regional titles (ironically, he once held tag team gold with Falco as his partner).
In a further coincidence, Black and Everlast tagged together on WWF Sunday Night Heat a few years ago when they took on the team of Bradshaw and Farooq (a/ka/a The Acolytes). Not so ironically, their friend- ship evaporated a bit later, leading to a bloody feud which produced many memorable matches in Rochester.
Like many wrestling “retirements,” will the boots remain stored away, or will they be dried off and worn again in the near future? Whatever these two decide, we congratulate them on their careers, and for being true professionals both inside and out of the ring.
4) In a few sad notes, we’d like to acknowledge the passing of Billy “Red” Lyons from cancer at age 77. Billy was a fixture on the WNY/Southern Ontario scene; many fans remember him from his days in Maple Leaf Wrestling. He also served as a ring announcer and TV interviewer for WWF when the fed moved into this area in the late 1970s.
The wrestling world was also shocked by the death of Japanese superstar Mitsuharu Misawa from what was reportedly an in- ring spinal cord injury at age 46. Between All-Japan Wrestling and Pro Wrestling NOAH, Misawa had won a combined eight Heavyweight titles. Many say Misawa was the best pro wrestler in the WORLD in the 1990s. Upcoming events
Friday, Jul 17 - NWA Upstate - Monroe County Fairgrounds - 2695 East Henrietta Road, Henrietta, N.Y. - noon, 2:30 p.m. and 7
p.m. - Some of the matches will be taped for No Limits TV! - See. www.nwaup- for more info.
Saturday, July 18 - PWA Niagara - FREE OUTDOOR SHOW! – Lion’s Field, 500 Elm St. - Port Colborne, Ontario, Canada - 6:30 p.m.
Friday, July 24 and Saturday, July 25 - ROH - Ted Reeves Arena, 175 Main St. - Toronto, Ontario, Canada -8 p.m.
Wednesday, July 29 - NWA Upstate - Livingston County Fairgrounds - 310 Leicester St. (Rt. 36) - Caledonia, N.Y. - 7 p.m.
Saturday, Aug. 8 - NWA Capital - Crosstown Plaza, 2332 Watt St. - Schenectady, N.Y. - 7 p.m.
Saturday Sept. 5 - NWA NY - Upstate 8 Tournament -The German House, 315 Gregory Street - Rochester, NY - 6 p.m.
Saturday Oct. 10 - NWA NY - Immortal Fest ‘09 - Minnet Hall @ The Dome Arena -2695 E. Henrietta Rd - Henrietta, NY - Bell time at 6 p.m..
Monday, Oct. 26 - WWE Monday Night RAW - HSBC Arena - Buffalo, N.Y. - 7:30 p.m. TELEVISION
As noted above, watch NO LIMITS TV in Rochester at 3 p.m. Sundays on My18. See it in Suburban Erie County on Time- Warner Cable Channel 20 every Saturday at 4 p.m. (Replays in Mondays at11:30 p.m.).WrestleVision airs in Niagara County at 4 p.m. on Saturdays on Time- Warner Channel 20. RADIO
Don’t miss the Pain Clinic, Saturdays at 10 a.m. on WHTK (Hot Talk 1280) in Rochester. They’ve got all your wrestling news and commentary, along with special guests!
News and notes from pro wrestling, both local and afarBy Ivan the
Impaler Raging Wolf IV
was another suc- cess in the series of MMA events held on Seneca Nation Land in Irving on June 13. The night fea- tured TWELVE bouts, but sur- prisingly, the evening went smoothly and rel- atively quickly, as only one of the 12 fights went the three-round distance. The fans were totally juiced throughout the evening, and definitely got their money’s worth.
In the two main events, Marc Stevens stopped Sterling Ford in a welterweight contest by unanimous decision. In the lone heavyweight bout, Shawn Jordon KO’d Mahnseah Boley in the 2nd Round. In other action:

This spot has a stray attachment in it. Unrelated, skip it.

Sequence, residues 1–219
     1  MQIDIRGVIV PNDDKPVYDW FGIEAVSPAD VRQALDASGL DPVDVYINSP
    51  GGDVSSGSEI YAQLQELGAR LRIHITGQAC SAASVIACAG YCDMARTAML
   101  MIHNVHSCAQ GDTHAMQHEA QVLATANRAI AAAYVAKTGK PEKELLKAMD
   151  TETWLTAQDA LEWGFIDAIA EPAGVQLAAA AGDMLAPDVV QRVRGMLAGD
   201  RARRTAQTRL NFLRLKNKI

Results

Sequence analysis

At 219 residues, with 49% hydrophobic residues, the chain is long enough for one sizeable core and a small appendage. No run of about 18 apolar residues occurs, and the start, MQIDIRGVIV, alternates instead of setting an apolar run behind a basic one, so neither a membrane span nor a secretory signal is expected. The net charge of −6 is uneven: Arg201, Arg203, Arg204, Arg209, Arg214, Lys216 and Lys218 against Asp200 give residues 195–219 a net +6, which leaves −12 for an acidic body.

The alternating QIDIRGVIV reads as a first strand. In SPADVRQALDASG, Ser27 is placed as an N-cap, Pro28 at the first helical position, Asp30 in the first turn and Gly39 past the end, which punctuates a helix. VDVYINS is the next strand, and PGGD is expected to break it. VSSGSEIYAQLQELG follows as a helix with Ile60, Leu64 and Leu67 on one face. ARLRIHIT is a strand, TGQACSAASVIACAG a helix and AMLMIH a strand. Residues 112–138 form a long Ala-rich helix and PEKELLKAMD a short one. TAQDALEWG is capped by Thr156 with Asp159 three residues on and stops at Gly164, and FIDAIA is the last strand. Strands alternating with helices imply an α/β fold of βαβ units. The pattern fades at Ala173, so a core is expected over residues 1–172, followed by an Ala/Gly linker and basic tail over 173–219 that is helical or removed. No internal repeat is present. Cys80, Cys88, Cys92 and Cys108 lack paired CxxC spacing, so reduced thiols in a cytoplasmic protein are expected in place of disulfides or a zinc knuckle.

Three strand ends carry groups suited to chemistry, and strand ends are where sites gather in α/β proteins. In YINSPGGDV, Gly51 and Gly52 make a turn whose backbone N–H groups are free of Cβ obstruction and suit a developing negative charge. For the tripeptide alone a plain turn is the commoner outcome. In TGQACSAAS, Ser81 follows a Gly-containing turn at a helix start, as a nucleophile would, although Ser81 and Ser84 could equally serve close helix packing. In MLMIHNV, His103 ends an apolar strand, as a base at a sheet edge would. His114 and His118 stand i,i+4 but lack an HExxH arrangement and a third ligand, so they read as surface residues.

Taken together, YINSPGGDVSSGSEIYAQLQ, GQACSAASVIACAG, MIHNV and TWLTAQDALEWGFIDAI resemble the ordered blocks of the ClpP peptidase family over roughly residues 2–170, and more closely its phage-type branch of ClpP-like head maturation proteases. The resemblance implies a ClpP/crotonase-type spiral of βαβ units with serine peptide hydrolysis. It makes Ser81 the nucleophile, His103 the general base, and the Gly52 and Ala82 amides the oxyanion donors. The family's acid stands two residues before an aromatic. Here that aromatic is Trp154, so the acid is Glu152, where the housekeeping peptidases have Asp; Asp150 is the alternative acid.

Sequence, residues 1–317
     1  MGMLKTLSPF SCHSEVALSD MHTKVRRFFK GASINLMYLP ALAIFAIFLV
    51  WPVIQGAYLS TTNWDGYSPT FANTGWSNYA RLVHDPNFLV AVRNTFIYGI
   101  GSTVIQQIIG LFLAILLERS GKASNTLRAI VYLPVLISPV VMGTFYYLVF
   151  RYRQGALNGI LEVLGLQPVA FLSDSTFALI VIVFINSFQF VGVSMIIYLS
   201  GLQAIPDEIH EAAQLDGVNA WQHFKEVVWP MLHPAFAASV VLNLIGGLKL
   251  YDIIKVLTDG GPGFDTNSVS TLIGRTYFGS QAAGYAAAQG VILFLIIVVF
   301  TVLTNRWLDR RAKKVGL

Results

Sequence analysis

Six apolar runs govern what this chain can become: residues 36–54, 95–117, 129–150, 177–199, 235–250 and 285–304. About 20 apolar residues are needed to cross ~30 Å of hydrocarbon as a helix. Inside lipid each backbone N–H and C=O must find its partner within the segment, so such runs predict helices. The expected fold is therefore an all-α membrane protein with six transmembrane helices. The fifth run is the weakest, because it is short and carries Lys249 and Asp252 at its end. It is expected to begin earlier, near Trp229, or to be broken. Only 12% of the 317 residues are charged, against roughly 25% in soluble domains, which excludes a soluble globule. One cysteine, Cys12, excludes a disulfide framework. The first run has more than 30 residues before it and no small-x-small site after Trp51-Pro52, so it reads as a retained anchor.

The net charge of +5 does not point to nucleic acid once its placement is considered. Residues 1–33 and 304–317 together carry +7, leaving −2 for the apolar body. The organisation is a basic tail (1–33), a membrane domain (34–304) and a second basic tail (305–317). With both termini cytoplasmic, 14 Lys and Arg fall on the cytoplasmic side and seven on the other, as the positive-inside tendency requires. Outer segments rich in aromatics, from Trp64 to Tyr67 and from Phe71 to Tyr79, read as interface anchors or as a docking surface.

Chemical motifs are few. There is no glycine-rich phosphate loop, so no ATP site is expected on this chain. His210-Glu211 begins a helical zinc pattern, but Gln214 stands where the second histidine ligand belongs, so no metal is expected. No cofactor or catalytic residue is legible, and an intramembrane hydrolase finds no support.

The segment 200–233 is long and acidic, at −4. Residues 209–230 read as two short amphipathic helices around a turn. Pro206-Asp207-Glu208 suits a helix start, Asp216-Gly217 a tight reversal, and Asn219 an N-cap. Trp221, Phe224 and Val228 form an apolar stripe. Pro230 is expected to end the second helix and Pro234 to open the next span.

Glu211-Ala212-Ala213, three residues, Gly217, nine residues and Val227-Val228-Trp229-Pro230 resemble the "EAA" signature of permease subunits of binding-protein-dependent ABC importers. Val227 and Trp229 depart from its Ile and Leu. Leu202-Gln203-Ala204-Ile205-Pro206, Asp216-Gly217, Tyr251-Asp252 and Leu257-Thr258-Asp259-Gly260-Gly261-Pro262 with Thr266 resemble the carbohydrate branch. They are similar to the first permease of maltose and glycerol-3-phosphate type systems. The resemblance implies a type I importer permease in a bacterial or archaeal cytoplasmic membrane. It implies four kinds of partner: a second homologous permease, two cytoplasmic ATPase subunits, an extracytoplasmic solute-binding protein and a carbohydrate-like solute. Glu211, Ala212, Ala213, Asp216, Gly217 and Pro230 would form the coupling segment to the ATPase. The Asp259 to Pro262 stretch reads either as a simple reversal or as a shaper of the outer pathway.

Brian Kelleher beat Jordan Litz by submission
Cliff Golembieski forced Josh Bitner to tap
Mark Carrow KO’d Stephen Bettcher in 18 seconds
Anthony Richter submitted William Torres
Eric Johnson TKO’d Jason Breinlinger
Alex Carrion forced Anthony Giacchina to tap
Pat Gorman Jr. submitted Ben Gallagher
Noah Faunce beat Vince Carli by tapout
Jeff Denz forced Billy Garret to submit
TJ Sumler TKO’d Jamie Fryer
The next card is tentatively scheduled for October. Go to for more information.
•••••••• On the worldwide scene,
just prior to this edition going to press, Frank Mir will have again faced Brock Lesnar, but this time, the UFC Undisputed Heavyweight Title will be on the line at UFC 100. Lesnar holds the Heavyweight Title through his win over Randy Couture, while Mir won the Interim Title (which originated when Couture had
left UFC) from Antonio Noguiera last Dec. 27.
On Feb. 2, 2008, Lesnar made his UFC debut against Mir. Lesnar and total- ly dominated the first 90 seconds, but Mir caught Brock in a knee bar and forced him to tap. Obviously, Lesnar is looking for revenge.
Also on the card, George St. Pierre will defend his welter- weight title against Thiago Alves. This event could be the
most-purchased PPV of the year, with the possible excep- tion of Wrestlemania.
Sorry to report that Niagara Falls, N.Y. native Rashad Evans lost the light-heavy- weight title in the second round on May 23 to Lyoto Machida in a battle of unbeat- en fighters. Evans will certain- ly get another shot at the title in the near future, although not immediately. The Light- Heavyweight division has been thrown into a bit of dis- array with the decision of cur- rent middleweight champ Anderson Silva to move up a classification. Between Rampage Jackson, Thiago Silva, Forrest Griffin and Rashad, there are numerous contenders laying claim for a title shot.
Mixed martial arts update
Photo by Bob Caico Crowd favorite Clifford Golembieski, from Silver Creek, (left), scored a third round armbar submis- sion over Josh Bittner, from Ontario, at Raging Wolf IV in Irving, NY.
By Adam McGill
Buffalo State College The Bengals had an up and